Finding my niche!

I recently read a very interesting article about an I.T. consultant who almost gave it up, why?  He said he was trying to sell anything to anybody, and being a “generalist” doesn’t pay.  So he found he would specialize in a narrow technical area that was in low supply / high demand.  He has been very successful since.  Hey, I admire deep self introspection – I tend to agree with him, however…..

Guys like me who have been in I.T. management for many years and then crossed over to consulting really have a very interesting set of tools.  Ok, this post is not an advertisement, I promise.  The purpose is to actually encourage my TENG and SIM friends who may be wondering when their “product” will be in higher demand.

I think that guys with our background are very valuable.  If we “grew up” in I.T., whether in applications development or infrastructure we “smell” things much differently.  If you progressed into corporate I.T. senior management you carried a valuable set of tools with you, and hopefully you had what it took to conduct yourself at the business level too. 

Then later, as some of us gave up the wonderful 70 hour work week in favor of consulting projects and enough spare time to play mandolin in a bluegrass band we have some really interesting tools, right?  From a senior management perspective you have an excellent “smeller”, and you already have the technical nailed – all you need to do now is to retrain yourself to:

  • Be an accountant
  • Be a marketing rep
  • Be a salesman
  • Be a project manager
  • Be a PRODUCER!

These things are VERY hard to do – and what’s worse, they seem oh so easy from a conceptual point of view – it’s easy to lure yourself into the trap of “hey, I know how the hard stuff works, surely I can master the business side!”

Well, you’re right and also wrong.  You can master it, but you have to use these tools to get there:

Be……

Trustworthy, loyal, helpful, friendly, courteous, kind, obedient, cheerful, thrifty, clean and reverent!   Hmmm…. I think there’s one missing…  is there anyone who can help me with the missing tool? 

Anyway, I’ll get back to those tools that may sound familiar to you, but I never forgot them as a boy, they had high impact.  They serve me well, and if you use them each and every day on a consulting project you will succeed – I guarantee it.  You have to LOVE your customer to death.  You have to WANT the project badly, you have to be THRILLED about the challenge, you have to be CONSUMED with PLEASING your customer.  Never, never chase the money – same for Doctors, right?  Money and reward comes from the tools, not the desire to acquire the reward itself.  You have to be on time, produce quality and if your customer starts to wonder about your value pour it on my friend and don’t let up until he’s happy.  If you don’t quite get the project done in the agreed upon timeline, even if it’s not your fault, give him some free days, don’t even think twice about it.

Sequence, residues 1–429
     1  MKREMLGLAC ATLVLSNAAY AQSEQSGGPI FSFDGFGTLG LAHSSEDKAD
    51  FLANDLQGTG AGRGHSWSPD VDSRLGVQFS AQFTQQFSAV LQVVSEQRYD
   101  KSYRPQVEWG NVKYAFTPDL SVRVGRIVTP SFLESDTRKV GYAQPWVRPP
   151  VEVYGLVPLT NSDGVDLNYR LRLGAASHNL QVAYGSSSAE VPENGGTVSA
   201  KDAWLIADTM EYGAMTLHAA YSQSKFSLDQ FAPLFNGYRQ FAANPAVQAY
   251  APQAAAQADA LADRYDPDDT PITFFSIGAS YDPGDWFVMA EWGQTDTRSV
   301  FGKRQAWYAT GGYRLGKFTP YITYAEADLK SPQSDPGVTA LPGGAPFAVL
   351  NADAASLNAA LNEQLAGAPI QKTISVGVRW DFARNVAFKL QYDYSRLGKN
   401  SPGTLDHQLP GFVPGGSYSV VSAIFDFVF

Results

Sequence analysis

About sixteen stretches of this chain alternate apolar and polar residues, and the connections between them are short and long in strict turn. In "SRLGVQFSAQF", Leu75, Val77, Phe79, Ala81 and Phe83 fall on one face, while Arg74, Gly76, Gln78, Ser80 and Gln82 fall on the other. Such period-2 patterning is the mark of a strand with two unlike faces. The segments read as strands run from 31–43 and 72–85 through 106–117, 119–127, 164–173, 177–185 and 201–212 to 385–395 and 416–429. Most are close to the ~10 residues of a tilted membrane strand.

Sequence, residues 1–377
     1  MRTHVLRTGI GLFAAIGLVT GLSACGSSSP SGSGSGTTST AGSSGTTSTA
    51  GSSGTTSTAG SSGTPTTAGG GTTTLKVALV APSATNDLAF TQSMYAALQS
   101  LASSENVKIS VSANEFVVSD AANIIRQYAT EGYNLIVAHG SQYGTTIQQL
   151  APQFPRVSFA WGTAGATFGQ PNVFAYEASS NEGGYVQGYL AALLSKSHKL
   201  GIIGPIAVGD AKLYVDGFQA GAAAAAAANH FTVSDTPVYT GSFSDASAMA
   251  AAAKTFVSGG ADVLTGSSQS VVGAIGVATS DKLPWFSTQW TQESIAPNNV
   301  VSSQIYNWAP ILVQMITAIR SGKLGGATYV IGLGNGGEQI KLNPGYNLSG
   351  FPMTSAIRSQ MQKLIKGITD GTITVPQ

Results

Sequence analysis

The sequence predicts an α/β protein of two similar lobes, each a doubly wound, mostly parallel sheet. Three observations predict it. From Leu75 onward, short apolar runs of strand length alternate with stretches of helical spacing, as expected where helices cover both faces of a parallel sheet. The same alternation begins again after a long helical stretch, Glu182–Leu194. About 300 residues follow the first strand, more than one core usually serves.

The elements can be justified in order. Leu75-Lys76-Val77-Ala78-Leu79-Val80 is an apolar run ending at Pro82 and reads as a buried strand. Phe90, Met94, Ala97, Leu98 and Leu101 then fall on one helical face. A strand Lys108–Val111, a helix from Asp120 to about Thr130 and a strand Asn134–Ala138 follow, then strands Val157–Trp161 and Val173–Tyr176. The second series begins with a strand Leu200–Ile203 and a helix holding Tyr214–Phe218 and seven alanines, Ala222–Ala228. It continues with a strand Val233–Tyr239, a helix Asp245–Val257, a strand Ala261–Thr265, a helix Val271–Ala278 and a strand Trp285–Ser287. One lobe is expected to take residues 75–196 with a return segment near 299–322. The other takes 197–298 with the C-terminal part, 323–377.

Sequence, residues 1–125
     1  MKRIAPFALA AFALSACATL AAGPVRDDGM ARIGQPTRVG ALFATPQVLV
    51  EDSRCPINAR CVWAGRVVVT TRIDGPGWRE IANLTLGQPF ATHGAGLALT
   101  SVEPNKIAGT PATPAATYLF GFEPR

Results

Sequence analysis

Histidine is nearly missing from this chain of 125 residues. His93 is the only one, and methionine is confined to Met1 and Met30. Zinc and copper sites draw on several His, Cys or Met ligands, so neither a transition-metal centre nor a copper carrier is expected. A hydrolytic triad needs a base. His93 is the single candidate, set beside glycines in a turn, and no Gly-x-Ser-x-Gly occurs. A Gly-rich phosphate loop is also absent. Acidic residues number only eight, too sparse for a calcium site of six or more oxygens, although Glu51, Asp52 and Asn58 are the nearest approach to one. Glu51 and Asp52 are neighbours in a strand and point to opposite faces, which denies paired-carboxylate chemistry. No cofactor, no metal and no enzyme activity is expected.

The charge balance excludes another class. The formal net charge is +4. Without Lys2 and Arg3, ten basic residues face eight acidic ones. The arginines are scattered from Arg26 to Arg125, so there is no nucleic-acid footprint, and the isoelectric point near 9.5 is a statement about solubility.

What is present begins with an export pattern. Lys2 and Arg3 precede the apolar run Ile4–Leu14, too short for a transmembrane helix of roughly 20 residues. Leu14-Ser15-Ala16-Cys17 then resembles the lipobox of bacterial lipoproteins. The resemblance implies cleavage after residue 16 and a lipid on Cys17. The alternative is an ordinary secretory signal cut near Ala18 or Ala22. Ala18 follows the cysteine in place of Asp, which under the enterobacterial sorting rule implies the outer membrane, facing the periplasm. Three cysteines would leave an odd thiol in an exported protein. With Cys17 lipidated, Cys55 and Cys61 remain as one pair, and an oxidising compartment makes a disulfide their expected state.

Oh, one of the most important things – KNOW when to leave.  Let’s say you’ve just conquered a project.  To reward you they give you something else, but maybe not so exciting.  Maybe the project benefit isn’t quite as visible and the timeline fuzzy.  I’d say, hang around long enough to attempt to put value in the project – but if you can’t see that happening then you need to leave.  Don’t get caught running a stale project with low impact.  Point out the obvious.  If you don’t the funding will dry up and you will look like you’ve failed.  If you bow out they’ll invite you back for another day because they’ll remember your character, your work ethic and your impact and value.

Ok, back to the original point of this post.  Remember the guy that specialized.  All fine and good, but my point is that you can be a generalist and do very well as long as you dig in deep, covet the important and high impact projects and prove you will do what it takes to deliver.  Your exposure to new things will never cease – and I guarantee that too!

I wish all my consulting friends continued success in 2012!

-Patrick Bouldin

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